These are only part of what Leonardo Di Caprio, as Hugh Glass,  has to endure after being left for dead in an unforgiving snowy wilderness with a constant threat from roving tribes of Native Indians. Though set at the end of the 19th Century, this is a modern day western in the raw, gritty spirit of Cormac McCarthy.

Emmanuel Lubezki’s landscape photography is astonishing and it come as no surprise to discover that he has also worked with Terrence Malick. It justifies the director’s decision to use natural lighting and to reject the easy option of computer-generated imagery.

The special effects are equally breathtaking. A fight with a grizzly bear is amazingly realistic. Never has the ‘no animal has been harmed during the making of this film’ message been so necessary.

Stripped to the rawest elements, this is a tale of survival and revenge against all odds. The tagline ‘Blood lost – life found’ can also serve as a plot summary. Complaints in some quarters about the movie being merely a celebration of machismo are akin to complaining of lack of affirmative female roles in a war movie.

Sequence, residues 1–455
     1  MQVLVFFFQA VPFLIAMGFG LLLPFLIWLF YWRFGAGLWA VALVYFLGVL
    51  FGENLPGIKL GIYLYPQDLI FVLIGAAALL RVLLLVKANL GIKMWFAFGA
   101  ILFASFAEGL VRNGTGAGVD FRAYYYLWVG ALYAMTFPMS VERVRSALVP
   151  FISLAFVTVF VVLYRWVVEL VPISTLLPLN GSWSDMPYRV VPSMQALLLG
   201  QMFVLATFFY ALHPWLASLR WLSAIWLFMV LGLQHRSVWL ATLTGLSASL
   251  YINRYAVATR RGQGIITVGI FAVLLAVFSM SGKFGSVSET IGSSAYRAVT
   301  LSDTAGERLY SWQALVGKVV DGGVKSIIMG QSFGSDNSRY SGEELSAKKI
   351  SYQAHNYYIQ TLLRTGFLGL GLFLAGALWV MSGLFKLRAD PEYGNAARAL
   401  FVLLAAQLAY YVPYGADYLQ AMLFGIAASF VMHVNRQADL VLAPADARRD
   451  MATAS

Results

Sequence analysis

Tom Hardy plays the ruthless Fitzgerald, Glass’s uncompromising adversary. Hardy is an actor who seems to inhabit his characters while I generally find it harder to separate DiCaprio from his offscreen persona. I will concede, however, that DiCaprio gives an impressive no holds barred performance here, one which should finally earn him the long-awaited Academy Award.

In a state of exhaustion and barely alive, his stony stare into the camera at the end of the movie should come with the caption: NOW can I have an Oscar, pleeeeeeaaaase!

jobs

Micahel Fassbender ponders how he got talked into playing the role of Steve Jobs.

STEVE JOBS directed by Danny Boyle (USA, 2015)

The remarkable life of Steve Jobs cannot possibly be condensed into 122 minutes without making significant compromises. You have to distort events to create a cinematic reality. The problem of Danny Boyle’s movie, however, is that the bounds of credibility are pushed too far.